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Have a fun (and safe) 4th

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Mark DannehlFourth of July celebrations will be starting this weekend and going on through the holiday. It's one many people look forward to and often the highlight of the summer.

Whatever fun stuff you have planned, we want you to be safe. Here are a few common sense tips from the American Red Cross to help make your celebration a great one to remember.


The best choice is to leave the fireworks to the professionals. However, if you really want to set off your own fireworks at home, be sure to follow these safety steps:

  • Never give fireworks to small children.
  • Keep a supply of water close by as a precaution.
  • Always wear eye protection when lighting fireworks.
  • Light only one firework at a time and never attempt to relight "a dud."
  • Never throw or point a firework toward people, animals, vehicles, structures, or flammable materials.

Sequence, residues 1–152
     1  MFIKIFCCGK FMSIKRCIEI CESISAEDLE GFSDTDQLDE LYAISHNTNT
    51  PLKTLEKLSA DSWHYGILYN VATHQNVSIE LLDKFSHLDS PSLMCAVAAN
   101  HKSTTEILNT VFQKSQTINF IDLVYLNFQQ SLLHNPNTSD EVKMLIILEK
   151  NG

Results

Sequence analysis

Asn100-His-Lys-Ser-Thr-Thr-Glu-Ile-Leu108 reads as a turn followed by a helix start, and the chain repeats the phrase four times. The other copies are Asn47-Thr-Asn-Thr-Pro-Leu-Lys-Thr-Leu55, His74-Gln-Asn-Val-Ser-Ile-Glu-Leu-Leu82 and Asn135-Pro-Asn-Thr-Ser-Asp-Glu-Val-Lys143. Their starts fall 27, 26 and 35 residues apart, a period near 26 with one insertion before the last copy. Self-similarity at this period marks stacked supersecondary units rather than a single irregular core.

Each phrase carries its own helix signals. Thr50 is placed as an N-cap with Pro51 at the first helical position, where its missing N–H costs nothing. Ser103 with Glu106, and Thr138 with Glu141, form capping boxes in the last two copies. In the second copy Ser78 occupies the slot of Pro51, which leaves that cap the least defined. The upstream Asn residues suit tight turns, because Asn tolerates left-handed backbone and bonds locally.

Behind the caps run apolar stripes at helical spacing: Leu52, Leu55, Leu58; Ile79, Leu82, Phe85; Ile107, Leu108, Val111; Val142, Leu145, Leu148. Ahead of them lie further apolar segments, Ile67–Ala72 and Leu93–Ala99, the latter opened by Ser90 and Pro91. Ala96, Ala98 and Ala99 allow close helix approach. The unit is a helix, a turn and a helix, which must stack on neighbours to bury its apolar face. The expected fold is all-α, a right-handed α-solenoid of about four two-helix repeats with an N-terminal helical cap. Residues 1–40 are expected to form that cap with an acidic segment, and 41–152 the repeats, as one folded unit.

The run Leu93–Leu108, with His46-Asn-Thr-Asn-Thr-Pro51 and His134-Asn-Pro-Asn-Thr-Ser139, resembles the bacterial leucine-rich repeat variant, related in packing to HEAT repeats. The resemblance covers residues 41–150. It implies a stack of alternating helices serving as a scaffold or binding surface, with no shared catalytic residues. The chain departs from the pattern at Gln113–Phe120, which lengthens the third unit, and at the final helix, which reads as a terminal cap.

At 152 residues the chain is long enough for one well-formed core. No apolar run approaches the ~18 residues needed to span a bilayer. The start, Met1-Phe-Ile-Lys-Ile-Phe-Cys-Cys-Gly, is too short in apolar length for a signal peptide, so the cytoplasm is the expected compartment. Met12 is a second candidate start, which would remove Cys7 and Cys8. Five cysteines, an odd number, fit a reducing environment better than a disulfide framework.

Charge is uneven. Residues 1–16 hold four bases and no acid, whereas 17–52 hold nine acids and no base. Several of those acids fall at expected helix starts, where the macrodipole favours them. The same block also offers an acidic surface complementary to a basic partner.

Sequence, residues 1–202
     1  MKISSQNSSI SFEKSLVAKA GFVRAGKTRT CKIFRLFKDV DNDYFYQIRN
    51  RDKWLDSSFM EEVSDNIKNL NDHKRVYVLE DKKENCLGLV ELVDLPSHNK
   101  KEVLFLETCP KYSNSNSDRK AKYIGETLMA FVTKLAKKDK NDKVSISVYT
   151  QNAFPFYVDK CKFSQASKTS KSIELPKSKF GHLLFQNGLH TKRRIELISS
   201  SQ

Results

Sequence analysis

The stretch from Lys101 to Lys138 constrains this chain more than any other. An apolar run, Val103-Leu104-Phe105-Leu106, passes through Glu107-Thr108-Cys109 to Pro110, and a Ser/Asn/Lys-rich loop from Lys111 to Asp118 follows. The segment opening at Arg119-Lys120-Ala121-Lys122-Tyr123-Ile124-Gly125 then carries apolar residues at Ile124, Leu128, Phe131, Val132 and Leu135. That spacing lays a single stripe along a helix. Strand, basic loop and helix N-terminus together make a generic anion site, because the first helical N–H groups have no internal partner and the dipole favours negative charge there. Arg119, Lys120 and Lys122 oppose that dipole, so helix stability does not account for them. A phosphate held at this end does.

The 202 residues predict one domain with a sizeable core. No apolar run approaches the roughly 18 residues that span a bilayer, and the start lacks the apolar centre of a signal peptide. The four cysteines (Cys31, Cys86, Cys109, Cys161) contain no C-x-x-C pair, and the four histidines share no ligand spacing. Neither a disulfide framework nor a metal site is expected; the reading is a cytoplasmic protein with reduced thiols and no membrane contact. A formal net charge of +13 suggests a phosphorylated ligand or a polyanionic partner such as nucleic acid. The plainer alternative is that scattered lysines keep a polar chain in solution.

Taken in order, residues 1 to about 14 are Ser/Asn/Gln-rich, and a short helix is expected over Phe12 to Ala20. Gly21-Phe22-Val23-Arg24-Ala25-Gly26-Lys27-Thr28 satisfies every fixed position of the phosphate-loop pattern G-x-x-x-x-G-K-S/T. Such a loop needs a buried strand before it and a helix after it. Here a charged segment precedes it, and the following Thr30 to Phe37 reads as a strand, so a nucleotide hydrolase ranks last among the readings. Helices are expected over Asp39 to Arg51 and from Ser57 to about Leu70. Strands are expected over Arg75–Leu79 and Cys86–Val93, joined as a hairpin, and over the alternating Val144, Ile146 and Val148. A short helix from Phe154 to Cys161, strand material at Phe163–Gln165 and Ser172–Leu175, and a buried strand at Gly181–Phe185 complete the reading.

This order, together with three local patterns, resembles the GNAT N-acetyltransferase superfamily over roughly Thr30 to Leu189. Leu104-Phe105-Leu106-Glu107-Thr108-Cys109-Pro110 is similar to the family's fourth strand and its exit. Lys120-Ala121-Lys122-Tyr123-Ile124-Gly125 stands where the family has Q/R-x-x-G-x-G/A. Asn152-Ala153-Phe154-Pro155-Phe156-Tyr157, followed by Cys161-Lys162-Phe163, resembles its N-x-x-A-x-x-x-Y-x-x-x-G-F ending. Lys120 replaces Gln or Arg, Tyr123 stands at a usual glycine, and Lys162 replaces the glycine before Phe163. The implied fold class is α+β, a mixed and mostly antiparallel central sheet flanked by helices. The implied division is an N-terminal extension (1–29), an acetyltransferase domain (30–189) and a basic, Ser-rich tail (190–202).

Don't get burnt stoking up the barbeque:

  • Always supervise a barbecue grill when in use.
  • Keep the grill out in the open, away from the house, the deck, tree branches, or anything that could catch fire.
  • Use the long-handled tools especially made for cooking on the grill.
  • It's tempting to accelerate the heat, but never add charcoal starter fluid when coals have already been ignited.

Beach safety

Around Wisconsin, we have so many lakes to enjoy...always stay vigilant around the water:

  • Keep alert for local weather conditions.
  • Swim sober and always with a buddy.
  • Have young children and inexperienced swimmers wear a Coast Guard-approved life jacket. Keep a close eye and constant attention on children as well as adults.
  • Don’t dive in the water headfirst and risk breaking your neck.
  • Lather on the sunscreen.
  • Stay hydrated...and remember, alcoholic beverages actually cause dehydration, so drink plenty of water along with your adult beverage.
  • During hot weather, watch for signs of heat stroke—hot, red skin; changes in consciousness; rapid, weak pulse; rapid, shallow breathing. If you think someone is suffering from heat stroke, call 9-1-1 and move the person to a cooler place.
  • Know the signs of drowning! They probably aren't what you expect. See INVESTIGATORS: Drowning is silent (video/story).

Mark Dannehl, Personal Insurance Consultant